A book and a movie: Lady Susan

I can’t say that I’m a true Janeite — but I guess you could call me an amateur Austenphile. I love Jane Austen’s novels, but not to the point of obsession. I mean, I don’t go to Jane conventions, and I tend not to be interested in the (seemingly) thousands of continuations of the stories written by contemporary authors.

I have, however, read the six novels and listened to the audiobooks. Read all of the novels more than once or twice, in fact. And love the movie adaptations, and love discovering new versions that I’ve never seen before. I recently went on an Emma-watching binge after my book group finished a group read, and even more recently, watched the Keira Knightley version of Pride and Prejudice back-to-back with Pride & Prejudice & Zombies (awesomely fun).

I had not read any of Austen’s other writings… until now!

Lady SusanOver the past couple of days, I finally read Lady Susan — and loved it! For those not familiar with it, Lady Susan is a shorter work — a mere 80 pages! It’s Jane Austen’s first written work, although it was not published during her lifetime. Told in letters between the main characters, Lady Susan is quite different from Austen’s well-beloved novels.

From Goodreads:

Beautiful, flirtatious, and recently widowed, Lady Susan Vernon seeks an advantageous second marriage for herself, while attempting to push her daughter into a dismal match. A magnificently crafted novel of Regency manners and mores that will delight Austen enthusiasts with its wit and elegant expression... Lady Susan is a selfish, attractive woman, who tries to trap the best possible husband while maintaining a relationship with a married man. She subverts all the standards of the romantic novel: she has an active role, she’s not only beautiful but intelligent and witty, and her suitors are significantly younger than she is.

I’m delighted to have finally read Lady Susan. It’s so smart and funny and unexpected! Lady Susan is older and more wicked than the typical Austen heroine — conniving, manipulative, and scandalous, she looks out for herself to get what she wants. She toes the line of respectability and is a master when it comes to the cover-up, but her true nature and intentions are expressed loudly and clearly in the letters she writes to her closest friend, an accomplice in Lady Susan’s affairs and indiscretions.

I should admit, though, that I’d never had more than a passing acquaintance with the title of this novella and knew nothing about the actual content until the movie Love & Friendship was released earlier this year.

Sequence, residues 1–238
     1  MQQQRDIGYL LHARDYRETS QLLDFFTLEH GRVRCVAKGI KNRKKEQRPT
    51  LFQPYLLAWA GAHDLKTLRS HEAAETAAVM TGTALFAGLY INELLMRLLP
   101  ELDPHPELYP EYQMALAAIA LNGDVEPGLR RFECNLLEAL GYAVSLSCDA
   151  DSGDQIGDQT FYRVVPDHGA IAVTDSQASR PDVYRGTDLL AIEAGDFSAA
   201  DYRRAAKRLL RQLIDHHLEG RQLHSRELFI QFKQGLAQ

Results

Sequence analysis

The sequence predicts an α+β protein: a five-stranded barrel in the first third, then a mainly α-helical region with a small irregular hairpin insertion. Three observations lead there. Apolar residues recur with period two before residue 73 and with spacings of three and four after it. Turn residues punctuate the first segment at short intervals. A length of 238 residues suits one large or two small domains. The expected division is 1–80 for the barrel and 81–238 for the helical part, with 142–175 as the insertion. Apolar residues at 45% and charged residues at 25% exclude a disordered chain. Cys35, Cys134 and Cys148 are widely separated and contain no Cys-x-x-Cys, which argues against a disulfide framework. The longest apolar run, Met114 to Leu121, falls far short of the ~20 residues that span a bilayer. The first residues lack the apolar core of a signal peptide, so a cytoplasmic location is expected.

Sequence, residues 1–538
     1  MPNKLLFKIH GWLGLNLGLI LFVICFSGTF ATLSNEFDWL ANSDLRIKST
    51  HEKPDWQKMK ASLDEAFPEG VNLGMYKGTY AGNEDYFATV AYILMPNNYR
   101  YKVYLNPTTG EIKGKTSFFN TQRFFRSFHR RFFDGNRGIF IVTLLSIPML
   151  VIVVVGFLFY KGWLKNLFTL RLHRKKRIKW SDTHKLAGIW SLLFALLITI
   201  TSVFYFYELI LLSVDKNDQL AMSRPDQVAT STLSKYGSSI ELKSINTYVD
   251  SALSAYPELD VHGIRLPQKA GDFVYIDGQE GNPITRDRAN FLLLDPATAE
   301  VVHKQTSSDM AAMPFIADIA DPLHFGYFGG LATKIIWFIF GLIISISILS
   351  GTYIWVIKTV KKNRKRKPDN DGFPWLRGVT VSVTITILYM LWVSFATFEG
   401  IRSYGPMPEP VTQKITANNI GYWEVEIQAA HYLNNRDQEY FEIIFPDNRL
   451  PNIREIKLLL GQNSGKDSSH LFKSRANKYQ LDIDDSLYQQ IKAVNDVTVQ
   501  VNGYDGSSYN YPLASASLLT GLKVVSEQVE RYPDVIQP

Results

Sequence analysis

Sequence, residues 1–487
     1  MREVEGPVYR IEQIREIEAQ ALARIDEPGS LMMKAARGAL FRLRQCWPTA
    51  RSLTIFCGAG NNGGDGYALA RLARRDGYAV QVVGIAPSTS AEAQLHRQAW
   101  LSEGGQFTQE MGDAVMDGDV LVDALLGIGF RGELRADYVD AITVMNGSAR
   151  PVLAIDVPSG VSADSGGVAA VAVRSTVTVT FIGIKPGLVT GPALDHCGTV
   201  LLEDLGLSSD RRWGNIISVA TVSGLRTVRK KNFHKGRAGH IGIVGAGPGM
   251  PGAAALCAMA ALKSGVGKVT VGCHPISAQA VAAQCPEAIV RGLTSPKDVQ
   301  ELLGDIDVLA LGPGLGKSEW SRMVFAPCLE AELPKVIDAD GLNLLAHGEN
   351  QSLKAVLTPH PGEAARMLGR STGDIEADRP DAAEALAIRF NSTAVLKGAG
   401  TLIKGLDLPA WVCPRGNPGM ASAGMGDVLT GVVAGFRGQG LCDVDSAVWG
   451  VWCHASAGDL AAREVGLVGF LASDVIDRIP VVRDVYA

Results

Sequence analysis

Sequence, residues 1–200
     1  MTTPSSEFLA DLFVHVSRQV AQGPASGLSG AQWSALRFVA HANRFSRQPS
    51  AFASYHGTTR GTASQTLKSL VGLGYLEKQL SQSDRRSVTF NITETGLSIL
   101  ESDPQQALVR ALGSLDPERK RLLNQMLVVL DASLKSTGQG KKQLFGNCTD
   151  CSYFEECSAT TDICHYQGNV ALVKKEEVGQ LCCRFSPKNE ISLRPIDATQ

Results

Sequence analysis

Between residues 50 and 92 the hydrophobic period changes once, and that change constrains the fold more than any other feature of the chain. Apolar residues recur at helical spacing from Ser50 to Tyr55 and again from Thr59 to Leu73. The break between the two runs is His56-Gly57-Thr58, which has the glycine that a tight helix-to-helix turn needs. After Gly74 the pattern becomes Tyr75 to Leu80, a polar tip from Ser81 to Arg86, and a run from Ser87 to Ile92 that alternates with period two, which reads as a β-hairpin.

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Love & Friendship is a glorious movie, graced with an incredibly talented cast. Kate Beckinsale absolutely sells every nuance of Lady Susan’s manners and character, and Chloe Sevigny is pitch-perfect as Mrs. Johnson, Lady Susan’s close friend. I love that the movie has Mrs Johnson as an American living in England, so that Chloe Sevigny’s own accent fits the role — which helps emphasize that her character is an outsider, not quite a part of established society, and possibly even a little uncouth, a perfect confidante for Lady Susan.

Check out the trailer… and tell me it doesn’t look amazing!

I saw the movie with a friend, thought it was hilarious, and now having read the book, can’t wait to watch the movie version again.

Lady Susan v2Usually I’m a stickler for reading the book first — but I have to admit that in this case, having seen the movie helped me get into the story immediately. I’d actually picked up the e-book version of Lady Susan several months ago, but found the letters hard to get into without any advance knowledge of the characters or plot. On top of which, the e-book was horribly formatted, to the point where it was basically unreadable.

BTW, the purple-covered edition is the version of Lady Susan which I’ve just finished, courtesy of my local library. It’s part of a series of novellas published by Melville House. The list of other novellas in the series appears at the back of the book, and includes some titles that I need! It’s such an adorable little edition.

Summing it all up — I really adored both reading Lady Susan and watching Love & Friendship, and highly recommend both!

Need further convincing? I leave you with a selection of quotes from the book:

My dear Sister,

I congratulate you and Mr. Vernon on being about to receive into your family the most accomplished coquette in England.

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What a woman she must be! I long to see her, and shall certainly accept your kind invitation, that I may form some idea of those bewitching powers which can do so much — engaging at the same time and in the same house the affections of two men who were neither of them at liberty to bestow them — and all this without the charm of youth.

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Some mothers would have insisted on their daughter’s accepting so great an offer on the first overture, but I could not answer it to myself to force Frederica into a marriage from which her heart revolted; and instead of adopting so harsh a measure merely propose to make it her own choice by rendering her thoroughly uncomfortable till she does accept him.

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I have never yet found that the advice of a sister could prevent a young man’s being in love if he chose it.

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